Heat Wave Enters 7th Day, but the End Is in Sight

The end of the unusually early heat wave that gripped much of the United States over the past seven days is in sight.

But first, the country will need to endure another day, possibly two, of scorching hot temperatures in the Mid-Atlantic States and along the I-95 urban corridor on the East Coast.

The National Weather Service predicts that the heat wave, which has more than 100 million people under heat advisory alerts, will last through early this upcoming week.

The Mid-Atlantic States and cities along the I-95 urban corridor, from Washington, D.C., to New York, will continue to simmer through Sunday. Heat advisories have been issued for areas east of the Blue Ridge Mountains, where the heat index — a measure of how the heat feels with humidity taken into account — is forecast to range between 100 and 108 degrees.

Already, several decades-old temperature records were broken on Saturday afternoon. Baltimore reached 101 degrees, breaking the daily high temperature record of 100 degrees, set in 1988. And in Dulles, Va., the temperature reached 100 degrees, breaking the previous record of 99 degrees, also set in 1988.

Forecasters say there will be some relief in other parts of the country that were hit hard last week. In New England, record-breaking temperatures have already receded, and forecasters predict that Sunday will bring lower temperatures to the Ohio Valley and the Midwest. This is good news for a region that forecasters described as particularly susceptible to heat-related illnesses, given how anomalous the temperatures were for this time of year.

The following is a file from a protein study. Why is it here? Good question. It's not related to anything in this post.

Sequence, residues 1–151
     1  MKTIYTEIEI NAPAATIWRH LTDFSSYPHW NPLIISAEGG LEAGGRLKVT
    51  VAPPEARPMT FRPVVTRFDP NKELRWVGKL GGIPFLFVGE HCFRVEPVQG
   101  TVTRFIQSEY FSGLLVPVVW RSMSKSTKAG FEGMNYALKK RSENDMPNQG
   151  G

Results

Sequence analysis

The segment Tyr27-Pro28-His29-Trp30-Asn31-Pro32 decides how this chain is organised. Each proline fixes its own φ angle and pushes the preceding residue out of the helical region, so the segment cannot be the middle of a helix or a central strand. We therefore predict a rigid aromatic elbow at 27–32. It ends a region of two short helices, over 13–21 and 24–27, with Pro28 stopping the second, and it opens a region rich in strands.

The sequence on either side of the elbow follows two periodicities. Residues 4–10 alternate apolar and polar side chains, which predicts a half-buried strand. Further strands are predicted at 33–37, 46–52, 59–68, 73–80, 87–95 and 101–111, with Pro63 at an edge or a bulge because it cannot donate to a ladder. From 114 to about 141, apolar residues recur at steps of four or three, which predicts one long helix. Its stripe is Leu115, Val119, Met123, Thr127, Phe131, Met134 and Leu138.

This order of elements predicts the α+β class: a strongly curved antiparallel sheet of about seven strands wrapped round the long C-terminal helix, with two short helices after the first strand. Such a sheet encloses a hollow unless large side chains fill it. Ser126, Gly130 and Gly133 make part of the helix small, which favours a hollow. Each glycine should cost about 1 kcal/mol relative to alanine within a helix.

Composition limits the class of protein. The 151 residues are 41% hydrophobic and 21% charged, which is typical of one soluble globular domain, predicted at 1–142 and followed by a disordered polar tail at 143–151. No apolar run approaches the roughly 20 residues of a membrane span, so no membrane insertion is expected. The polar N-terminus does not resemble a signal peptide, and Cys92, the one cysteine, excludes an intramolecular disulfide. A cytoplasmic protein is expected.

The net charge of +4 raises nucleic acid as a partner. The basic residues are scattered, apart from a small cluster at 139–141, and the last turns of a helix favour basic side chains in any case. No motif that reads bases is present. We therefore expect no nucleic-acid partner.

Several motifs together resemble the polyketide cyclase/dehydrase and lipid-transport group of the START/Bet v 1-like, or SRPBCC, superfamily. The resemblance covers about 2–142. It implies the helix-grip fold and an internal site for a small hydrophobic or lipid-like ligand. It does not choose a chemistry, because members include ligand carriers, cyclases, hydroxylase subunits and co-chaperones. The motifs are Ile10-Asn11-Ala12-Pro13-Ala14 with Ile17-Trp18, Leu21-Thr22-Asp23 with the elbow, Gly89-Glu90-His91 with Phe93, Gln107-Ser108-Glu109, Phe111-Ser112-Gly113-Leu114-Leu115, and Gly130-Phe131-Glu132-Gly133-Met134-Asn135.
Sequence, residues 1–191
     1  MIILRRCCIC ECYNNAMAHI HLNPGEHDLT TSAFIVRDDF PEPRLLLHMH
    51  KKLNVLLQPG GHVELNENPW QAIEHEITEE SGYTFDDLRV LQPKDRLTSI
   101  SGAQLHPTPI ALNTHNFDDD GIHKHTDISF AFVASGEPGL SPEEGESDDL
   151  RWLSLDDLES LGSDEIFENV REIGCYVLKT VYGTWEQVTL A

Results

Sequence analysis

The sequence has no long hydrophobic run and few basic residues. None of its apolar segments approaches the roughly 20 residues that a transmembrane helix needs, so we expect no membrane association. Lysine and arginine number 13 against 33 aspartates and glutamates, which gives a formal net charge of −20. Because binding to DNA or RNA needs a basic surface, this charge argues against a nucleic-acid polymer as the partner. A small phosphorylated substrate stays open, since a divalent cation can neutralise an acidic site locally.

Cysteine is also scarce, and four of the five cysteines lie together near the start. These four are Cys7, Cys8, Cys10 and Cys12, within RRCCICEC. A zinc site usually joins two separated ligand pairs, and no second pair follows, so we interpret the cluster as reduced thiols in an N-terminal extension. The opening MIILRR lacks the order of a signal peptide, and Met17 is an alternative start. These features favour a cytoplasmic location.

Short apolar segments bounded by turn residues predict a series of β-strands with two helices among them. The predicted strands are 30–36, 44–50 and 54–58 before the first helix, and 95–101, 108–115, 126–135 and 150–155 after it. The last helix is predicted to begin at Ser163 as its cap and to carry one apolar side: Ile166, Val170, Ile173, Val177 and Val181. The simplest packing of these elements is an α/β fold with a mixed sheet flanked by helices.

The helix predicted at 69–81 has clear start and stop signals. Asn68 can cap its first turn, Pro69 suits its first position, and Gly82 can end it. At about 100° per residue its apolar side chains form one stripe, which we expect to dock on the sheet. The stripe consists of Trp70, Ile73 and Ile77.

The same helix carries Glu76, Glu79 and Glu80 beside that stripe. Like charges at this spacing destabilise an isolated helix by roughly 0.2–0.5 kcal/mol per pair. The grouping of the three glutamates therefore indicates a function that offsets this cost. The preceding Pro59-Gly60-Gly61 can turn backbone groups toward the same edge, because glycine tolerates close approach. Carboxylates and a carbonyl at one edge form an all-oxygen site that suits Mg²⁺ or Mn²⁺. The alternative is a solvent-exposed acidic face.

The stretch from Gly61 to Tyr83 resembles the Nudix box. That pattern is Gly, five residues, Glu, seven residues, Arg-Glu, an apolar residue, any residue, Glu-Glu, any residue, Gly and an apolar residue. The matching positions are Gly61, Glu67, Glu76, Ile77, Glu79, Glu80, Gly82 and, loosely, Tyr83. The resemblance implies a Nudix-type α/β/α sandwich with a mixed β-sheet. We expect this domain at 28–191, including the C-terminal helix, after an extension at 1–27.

In Detroit, the heat index is forecast to fall from a high of 95 degrees on Saturday to 87 degrees on Sunday. And in Chicago, the heat index is expected to decline from a Saturday high of 96 degrees to 79 degrees.

The National Weather Service warned that the heat wave could be the longest experienced in decades for some locations. In recent years, global warming has made heat waves hotter, more frequent and longer lasting.

Extended heat waves come with added dangers, as the stress the heat puts on the body is compounded the longer high temperatures last.

The health consequences of this heat wave are starting to show up in the data. Heat-related emergency room visits spiked in regions of the United States that were hit hardest by the heat wave last week, according to a tracker by the Centers for Disease Control and Prevention. In New England, the number of heat-related visits climbed to 833 per 100,000 last Thursday — the highest rate in the country all week.


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